Show we’re most bummed didn’t make it on the schedule (tie): Wonder Woman and Poe. Do we think they would have been hits? No. But we would have been in TV blogger nirvana had we been given more chances to write about them. Let’s face it: Are you going to click on a link to see the costumes on The 2-2? Didn’t think so.

Most exciting show that ad buyers secretly suspect will bomb: ABC’s Charlie’s Angels. Or as we’re calling it: She Spies 2011.

Best scheduling move: Getting CSI off Thursdays and giving a new drama (Person of Interest) a shot. It’s about time.

Worst scheduling move: NBC moving Harry’s Law to 9 p.m. on Wednesdays. The show was barely surviving at 10 p.m.; why give it a promotion to anchor a night?

Best scheduling catfight: Desperate Housewives versus The Good Wife on Sundays this fall.

Most and least impressive statistics: Fox bragged that it has won the broadcast season for a record seven years in a row, and then added that its number of Facebook followers is higher than the populations of several foreign countries.

The Lone Star award — a show that critics might like, but we suspect mass viewers will not: NBC’s Awake. Serious, dark, sad, complicated. It’s perfect — for AMC.

Toughest sell: NBC’s The Playboy Club. There’s a reason period dramas don’t draw high 18–49 ratings — they’re mostly watched by older viewers who are nostalgic for that era. Plus, the Playboy brand, though tame in today’s online pornucopia landscape, could be rough sledding for a broadcast (see: free) network.

Cleverest schedule spackling: NBC slotting a two-hour Sing-Off on Monday nights. Using the winter-hiatus reality show as a placeholder for The Voice isn’t a very heroic way to start your fall lineup, but it will probably draw a healthy number and keep Fox from having the only fall singing competition on the air.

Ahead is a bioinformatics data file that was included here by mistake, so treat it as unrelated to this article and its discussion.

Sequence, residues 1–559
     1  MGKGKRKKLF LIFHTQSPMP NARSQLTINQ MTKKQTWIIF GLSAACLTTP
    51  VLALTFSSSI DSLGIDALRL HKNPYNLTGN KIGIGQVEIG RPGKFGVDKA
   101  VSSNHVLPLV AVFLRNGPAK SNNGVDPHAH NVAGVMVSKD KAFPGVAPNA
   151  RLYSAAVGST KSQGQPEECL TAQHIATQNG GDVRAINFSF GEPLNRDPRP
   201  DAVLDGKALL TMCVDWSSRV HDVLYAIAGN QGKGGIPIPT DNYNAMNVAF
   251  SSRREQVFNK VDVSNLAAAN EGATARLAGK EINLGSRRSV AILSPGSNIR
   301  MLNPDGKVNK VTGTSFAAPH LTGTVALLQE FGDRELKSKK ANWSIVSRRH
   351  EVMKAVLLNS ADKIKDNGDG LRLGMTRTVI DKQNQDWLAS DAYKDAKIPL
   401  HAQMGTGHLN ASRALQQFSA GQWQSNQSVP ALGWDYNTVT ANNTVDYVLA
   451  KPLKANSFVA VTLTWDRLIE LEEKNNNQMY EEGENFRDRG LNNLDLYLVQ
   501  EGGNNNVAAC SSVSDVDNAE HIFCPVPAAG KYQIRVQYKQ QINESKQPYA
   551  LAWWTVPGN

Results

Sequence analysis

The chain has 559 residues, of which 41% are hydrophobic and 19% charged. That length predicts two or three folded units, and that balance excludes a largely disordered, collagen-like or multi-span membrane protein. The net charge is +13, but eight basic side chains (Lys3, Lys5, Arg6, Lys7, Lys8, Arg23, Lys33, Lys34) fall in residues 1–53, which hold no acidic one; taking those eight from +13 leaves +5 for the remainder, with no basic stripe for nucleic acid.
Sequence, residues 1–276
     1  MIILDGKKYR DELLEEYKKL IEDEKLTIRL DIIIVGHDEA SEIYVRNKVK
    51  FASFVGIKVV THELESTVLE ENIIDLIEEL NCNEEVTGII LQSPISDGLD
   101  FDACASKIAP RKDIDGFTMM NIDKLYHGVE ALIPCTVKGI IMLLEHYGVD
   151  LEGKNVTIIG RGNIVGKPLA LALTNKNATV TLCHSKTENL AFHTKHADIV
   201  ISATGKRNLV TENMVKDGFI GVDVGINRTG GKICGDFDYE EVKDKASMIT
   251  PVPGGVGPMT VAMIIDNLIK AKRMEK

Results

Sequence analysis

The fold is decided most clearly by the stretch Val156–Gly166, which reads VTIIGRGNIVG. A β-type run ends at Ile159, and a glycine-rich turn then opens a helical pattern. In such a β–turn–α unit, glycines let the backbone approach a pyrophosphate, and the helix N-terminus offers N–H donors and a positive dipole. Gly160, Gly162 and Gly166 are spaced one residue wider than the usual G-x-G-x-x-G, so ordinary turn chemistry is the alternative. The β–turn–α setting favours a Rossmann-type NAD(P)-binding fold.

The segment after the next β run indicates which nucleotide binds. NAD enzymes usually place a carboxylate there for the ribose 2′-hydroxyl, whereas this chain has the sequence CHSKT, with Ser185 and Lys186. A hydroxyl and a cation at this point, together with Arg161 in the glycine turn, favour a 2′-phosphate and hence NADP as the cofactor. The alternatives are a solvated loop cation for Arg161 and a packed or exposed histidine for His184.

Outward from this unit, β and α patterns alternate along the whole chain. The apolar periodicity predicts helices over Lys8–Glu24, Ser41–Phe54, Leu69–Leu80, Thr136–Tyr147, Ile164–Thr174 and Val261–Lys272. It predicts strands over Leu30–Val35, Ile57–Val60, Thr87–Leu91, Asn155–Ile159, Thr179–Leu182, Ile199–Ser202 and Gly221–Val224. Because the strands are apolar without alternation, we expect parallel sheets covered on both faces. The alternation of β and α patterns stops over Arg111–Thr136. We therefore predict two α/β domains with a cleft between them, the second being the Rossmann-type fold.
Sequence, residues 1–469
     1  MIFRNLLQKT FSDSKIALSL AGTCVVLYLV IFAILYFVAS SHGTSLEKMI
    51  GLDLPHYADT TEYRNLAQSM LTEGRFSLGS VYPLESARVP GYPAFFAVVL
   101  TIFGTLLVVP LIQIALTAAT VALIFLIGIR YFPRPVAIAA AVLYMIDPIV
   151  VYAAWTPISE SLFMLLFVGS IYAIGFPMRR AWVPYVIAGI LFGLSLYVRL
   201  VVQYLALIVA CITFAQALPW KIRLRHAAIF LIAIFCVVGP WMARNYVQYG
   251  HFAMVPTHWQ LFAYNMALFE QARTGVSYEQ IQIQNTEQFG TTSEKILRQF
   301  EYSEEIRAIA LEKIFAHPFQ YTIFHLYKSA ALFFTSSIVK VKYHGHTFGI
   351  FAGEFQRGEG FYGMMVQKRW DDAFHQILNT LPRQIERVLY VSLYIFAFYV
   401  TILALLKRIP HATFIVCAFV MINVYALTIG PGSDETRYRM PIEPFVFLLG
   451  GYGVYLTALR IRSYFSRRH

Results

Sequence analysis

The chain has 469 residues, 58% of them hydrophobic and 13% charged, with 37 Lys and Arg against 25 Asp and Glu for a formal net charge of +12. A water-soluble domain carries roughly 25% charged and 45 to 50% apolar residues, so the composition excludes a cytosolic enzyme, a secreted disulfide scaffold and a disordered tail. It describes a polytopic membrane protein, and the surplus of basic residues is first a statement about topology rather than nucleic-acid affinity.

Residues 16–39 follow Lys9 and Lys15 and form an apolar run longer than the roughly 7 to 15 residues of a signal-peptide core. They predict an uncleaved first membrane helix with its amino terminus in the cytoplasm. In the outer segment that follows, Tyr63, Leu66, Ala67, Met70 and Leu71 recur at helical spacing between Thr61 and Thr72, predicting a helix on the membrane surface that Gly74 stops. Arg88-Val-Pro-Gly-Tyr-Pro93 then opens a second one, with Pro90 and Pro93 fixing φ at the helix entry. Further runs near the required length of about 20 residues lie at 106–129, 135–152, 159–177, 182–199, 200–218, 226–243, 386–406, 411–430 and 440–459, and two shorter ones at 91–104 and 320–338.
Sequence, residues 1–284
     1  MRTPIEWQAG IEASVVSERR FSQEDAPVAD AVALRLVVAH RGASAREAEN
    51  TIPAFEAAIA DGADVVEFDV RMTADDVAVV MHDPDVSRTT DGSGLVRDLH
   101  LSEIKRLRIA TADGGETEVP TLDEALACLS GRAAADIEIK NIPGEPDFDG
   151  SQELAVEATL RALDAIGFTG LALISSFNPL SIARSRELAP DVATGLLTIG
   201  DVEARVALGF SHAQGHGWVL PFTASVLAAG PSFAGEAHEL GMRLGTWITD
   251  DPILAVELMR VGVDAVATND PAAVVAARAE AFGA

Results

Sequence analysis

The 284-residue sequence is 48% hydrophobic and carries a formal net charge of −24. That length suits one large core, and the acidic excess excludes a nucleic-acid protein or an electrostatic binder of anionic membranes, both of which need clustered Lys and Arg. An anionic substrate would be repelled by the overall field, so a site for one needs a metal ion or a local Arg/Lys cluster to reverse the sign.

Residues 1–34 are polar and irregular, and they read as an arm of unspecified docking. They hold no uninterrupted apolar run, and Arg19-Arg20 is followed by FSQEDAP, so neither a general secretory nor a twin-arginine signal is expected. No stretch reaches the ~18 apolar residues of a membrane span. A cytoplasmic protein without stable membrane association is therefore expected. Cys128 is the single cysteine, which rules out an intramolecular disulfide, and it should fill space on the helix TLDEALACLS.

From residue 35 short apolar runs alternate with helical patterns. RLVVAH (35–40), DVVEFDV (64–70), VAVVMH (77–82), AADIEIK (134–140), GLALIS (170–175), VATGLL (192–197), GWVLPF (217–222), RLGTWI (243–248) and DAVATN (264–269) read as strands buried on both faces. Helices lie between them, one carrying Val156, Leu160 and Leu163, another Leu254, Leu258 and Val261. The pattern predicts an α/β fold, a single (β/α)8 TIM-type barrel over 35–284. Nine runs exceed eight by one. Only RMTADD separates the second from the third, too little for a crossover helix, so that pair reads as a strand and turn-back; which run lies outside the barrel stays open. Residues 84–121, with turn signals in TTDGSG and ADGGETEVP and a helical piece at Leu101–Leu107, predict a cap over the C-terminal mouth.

Network in sore need of a new upfront venue: TNT/TBS. There was a major snafu with the video clips on Wednesday, which prompted Conan O’Brien to say, “You know, I love working for TBS.” We think he meant it.

Funniest sitcom trailers: Split decision! James votes for Fox’s New Girl and animated show Allen Gregory, ABC’s Apartment 23, and CBS’ 2 Broke Girls; Lynette opts for Fox’s I Hate My Teenage Daughter and NBC’s Up All Night.

Most polite applause during an upfront presentation: ABC screening the trailer for Work It, its Bosom Buddies-like cross-dressing comedy.

Most impressive-looking soap: Pan Am. Looks amazing. We also expect this to last about two months (see: Toughest Sell, above).

Most frequently asked question: “What do you think about Ashton?” Answers varied wildly, because nobody could make up their minds about whether Demi Moore’s husband will be a game changer on Two and a Half Men.

Most impressive-looking genre show: ABC’s The River. Have you seen the trailer? It feels familiar — you could call it Lost Paranormal Anaconda Activity — but we’re in.

Least impressive-looking genre show: Grimm is right; looks more like a Syfy series. And if the show is good enough to get ordered for fall, shouldn’t it be good enough to not start on Friday nights?